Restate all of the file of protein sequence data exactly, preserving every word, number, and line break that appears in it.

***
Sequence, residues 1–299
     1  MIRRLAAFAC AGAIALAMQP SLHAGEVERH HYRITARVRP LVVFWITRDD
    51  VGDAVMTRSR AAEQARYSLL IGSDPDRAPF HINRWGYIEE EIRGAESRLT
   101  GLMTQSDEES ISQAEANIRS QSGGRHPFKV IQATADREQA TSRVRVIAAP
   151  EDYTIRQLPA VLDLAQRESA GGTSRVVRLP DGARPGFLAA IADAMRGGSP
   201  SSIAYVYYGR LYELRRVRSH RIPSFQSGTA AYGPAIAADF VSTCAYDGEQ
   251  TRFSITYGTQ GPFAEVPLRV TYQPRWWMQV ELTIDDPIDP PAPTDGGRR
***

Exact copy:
Sequence, residues 1–299
     1  MIRRLAAFAC AGAIALAMQP SLHAGEVERH HYRITARVRP LVVFWITRDD
    51  VGDAVMTRSR AAEQARYSLL IGSDPDRAPF HINRWGYIEE EIRGAESRLT
   101  GLMTQSDEES ISQAEANIRS QSGGRHPFKV IQATADREQA TSRVRVIAAP
   151  EDYTIRQLPA VLDLAQRESA GGTSRVVRLP DGARPGFLAA IADAMRGGSP
   201  SSIAYVYYGR LYELRRVRSH RIPSFQSGTA AYGPAIAADF VSTCAYDGEQ
   251  TRFSITYGTQ GPFAEVPLRV TYQPRWWMQV ELTIDDPIDP PAPTDGGRR